Editorial Peter Whiting
During the waning years of the Trump presidency, it became fashionable to reference the inordinate number of misleading statements made by President Trump. The Washington Post claimed that, in the four years of his presidency, Trump made 30,573 false or misleading statements. The impact of these claims is all too evident in the USA today, with the nation deeply divided over almost any issue, including just a few – the result of the presidential election, the cause of and solution to the Covid 19 pandemic, the state of the economy.
While Trump may hold some type of contemporary record for misleading information among national leaders, he is certainly not alone, as this issue of our newsletter attests all too clearly. Sadly, Australia is not free from blame in this regard.
During his recent visit to Iraq, Pope Francis revived hopes for deep reconciliation and renewed collaboration among the ancient religious traditions of that land, but he came as a ‘penitent’ and apologised for the invasion of Iraq and the resulting despoliation over 18 years. Australia was one of the few countries to join the USA and Britain in the illegal invasion. When will Australia apologise for this criminal folly? Has no one been held to account?
On 20 March 2021, it is 18 years since Australia made the decision to join the United States in the disastrous war of aggression against Iraq. No Australian public Inquiry into the reasons and political responsibilities for that decision has been held, and one is very much needed, as war clouds develop in South-East Asia, and a decision to join the US in another war may be around the corner.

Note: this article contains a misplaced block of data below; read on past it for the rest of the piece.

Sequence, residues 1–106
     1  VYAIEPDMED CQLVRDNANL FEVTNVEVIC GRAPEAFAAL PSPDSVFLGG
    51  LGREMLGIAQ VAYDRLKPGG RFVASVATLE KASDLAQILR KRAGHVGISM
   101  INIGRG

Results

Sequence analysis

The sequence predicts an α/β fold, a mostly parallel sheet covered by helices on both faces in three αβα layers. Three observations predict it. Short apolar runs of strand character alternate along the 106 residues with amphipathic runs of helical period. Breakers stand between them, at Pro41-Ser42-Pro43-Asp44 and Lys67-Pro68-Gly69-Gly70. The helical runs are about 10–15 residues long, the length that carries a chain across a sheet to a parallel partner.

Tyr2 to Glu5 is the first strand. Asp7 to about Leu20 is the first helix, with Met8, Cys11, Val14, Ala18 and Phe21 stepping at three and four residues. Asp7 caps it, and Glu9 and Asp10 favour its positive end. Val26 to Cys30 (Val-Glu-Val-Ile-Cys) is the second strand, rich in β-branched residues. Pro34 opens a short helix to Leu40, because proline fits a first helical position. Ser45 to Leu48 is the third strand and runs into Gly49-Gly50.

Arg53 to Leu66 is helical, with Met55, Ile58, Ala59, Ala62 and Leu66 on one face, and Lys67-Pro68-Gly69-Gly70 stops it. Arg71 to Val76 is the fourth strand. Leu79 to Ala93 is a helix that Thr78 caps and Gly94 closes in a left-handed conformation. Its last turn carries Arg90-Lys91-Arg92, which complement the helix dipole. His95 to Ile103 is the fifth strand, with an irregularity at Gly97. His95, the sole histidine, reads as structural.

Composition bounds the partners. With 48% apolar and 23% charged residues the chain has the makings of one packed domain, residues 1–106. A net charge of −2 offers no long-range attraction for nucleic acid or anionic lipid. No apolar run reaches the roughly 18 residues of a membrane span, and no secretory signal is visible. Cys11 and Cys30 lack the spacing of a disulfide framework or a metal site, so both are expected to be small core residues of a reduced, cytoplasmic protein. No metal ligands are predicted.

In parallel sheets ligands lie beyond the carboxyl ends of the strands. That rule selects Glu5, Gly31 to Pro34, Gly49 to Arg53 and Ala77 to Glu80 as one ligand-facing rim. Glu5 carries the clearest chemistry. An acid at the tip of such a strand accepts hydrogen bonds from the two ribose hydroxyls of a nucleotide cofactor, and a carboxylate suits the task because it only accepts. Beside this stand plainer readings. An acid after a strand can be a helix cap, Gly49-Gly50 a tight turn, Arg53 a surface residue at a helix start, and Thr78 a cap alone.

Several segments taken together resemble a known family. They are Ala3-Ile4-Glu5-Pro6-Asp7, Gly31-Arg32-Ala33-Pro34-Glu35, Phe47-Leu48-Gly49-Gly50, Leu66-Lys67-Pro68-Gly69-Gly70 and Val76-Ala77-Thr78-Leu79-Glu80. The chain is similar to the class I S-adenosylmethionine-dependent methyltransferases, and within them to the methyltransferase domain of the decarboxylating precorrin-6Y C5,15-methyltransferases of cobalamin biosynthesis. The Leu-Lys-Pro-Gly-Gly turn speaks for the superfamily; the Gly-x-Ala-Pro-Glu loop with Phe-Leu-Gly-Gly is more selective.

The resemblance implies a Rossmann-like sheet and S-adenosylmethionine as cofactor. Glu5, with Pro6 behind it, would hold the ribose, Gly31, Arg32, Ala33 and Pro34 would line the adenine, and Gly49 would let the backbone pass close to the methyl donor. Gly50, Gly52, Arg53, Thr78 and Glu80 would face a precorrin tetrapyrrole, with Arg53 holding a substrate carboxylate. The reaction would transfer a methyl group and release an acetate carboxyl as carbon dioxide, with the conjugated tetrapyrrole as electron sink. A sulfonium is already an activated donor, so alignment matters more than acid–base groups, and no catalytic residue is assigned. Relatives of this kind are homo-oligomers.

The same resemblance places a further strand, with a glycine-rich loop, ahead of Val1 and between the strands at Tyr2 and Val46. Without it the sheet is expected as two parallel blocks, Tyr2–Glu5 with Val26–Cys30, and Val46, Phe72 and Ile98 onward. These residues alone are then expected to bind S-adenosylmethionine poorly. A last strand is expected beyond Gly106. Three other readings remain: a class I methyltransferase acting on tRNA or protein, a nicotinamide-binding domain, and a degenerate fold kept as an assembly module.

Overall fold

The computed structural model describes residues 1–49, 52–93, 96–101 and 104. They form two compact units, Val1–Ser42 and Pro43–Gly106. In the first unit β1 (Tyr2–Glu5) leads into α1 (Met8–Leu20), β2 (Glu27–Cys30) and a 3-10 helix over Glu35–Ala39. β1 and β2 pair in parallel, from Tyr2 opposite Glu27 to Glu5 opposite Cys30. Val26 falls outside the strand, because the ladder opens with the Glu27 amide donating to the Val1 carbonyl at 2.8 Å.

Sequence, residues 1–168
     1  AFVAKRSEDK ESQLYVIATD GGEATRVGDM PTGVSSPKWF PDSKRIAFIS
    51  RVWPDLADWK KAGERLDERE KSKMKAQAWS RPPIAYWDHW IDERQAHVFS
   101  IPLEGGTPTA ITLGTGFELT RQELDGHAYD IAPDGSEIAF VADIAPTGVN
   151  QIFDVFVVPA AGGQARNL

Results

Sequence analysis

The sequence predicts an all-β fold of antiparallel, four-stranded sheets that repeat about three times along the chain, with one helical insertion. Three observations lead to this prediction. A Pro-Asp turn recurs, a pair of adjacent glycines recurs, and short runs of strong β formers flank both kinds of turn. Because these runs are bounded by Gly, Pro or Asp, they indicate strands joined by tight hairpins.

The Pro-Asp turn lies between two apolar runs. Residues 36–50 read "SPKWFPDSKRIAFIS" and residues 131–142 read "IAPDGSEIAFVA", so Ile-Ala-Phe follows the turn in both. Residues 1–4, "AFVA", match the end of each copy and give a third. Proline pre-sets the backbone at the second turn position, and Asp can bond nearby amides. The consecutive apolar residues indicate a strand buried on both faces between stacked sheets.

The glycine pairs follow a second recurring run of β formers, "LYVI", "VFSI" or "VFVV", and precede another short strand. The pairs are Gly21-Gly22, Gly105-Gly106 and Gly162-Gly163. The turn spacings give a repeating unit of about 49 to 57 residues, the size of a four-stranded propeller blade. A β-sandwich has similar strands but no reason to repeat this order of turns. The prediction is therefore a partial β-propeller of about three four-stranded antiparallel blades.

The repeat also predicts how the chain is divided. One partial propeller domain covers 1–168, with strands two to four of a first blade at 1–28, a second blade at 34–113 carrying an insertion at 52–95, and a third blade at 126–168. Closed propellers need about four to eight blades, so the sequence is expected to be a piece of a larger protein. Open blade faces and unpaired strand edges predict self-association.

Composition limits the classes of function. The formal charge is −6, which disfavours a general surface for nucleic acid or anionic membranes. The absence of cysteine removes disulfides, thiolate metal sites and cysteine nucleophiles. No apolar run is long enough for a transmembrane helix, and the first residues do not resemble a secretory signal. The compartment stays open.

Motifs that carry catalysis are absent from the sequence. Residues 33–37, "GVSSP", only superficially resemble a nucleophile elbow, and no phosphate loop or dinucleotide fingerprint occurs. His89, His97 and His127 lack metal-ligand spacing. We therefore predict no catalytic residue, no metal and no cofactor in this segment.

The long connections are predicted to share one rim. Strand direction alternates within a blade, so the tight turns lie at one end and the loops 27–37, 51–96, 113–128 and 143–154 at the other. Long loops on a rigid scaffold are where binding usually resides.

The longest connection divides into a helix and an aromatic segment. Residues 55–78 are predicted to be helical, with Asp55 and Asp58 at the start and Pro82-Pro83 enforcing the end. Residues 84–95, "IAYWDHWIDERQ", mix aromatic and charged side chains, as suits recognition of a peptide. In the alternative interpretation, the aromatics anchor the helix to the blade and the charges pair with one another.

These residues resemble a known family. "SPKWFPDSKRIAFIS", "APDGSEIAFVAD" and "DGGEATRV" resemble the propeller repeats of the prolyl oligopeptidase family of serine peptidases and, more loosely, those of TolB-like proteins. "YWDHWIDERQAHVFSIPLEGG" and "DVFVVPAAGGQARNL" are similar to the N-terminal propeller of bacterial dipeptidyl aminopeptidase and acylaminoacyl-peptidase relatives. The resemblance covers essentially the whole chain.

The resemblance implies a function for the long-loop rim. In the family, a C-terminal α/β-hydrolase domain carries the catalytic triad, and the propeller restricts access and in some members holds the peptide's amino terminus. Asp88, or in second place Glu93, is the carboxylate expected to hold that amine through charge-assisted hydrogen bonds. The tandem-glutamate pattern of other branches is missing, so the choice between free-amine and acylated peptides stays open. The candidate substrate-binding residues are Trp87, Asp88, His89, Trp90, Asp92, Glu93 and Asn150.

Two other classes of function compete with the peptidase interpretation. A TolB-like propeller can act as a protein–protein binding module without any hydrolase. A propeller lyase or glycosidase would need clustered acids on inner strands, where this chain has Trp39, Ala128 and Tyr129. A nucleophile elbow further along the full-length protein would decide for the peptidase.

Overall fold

Hal Pawson and Bill Randolph
Housing unaffordability is causing real economic damage that governments must treat seriously. Put simply, rising mortgage debt poses risks for national economic stability, while current housing policies contribute to stagnating economic productivity and growth. Furthermore, when lower income workers have access to affordable housing near innovation hot spots and growth industries, the economy benefits.
Ross Garnaut’s book Reset: Restoring Australia after the Pandemic Recession aims at creating an Australia with full employment as soon as possible – improved standards of living, sustainable finances, and world-leading new industries based on renewable energy.
Restoring full employment by transforming our international competitiveness is one of the two key themes of the book. But the other is equally central: to achieve this will require business and government rapidly to develop Australia’s new international competitive advantage in renewable energy and the products dependent on it: the hydrogen economy, ammonia and fertilisers, metal refining, and downstream processing in products such as steel and aluminium.
Wake up Mr Morrison: Australia’s slack climate effort leaves our children 10 times more work to do than we have
Lesley Hughes et al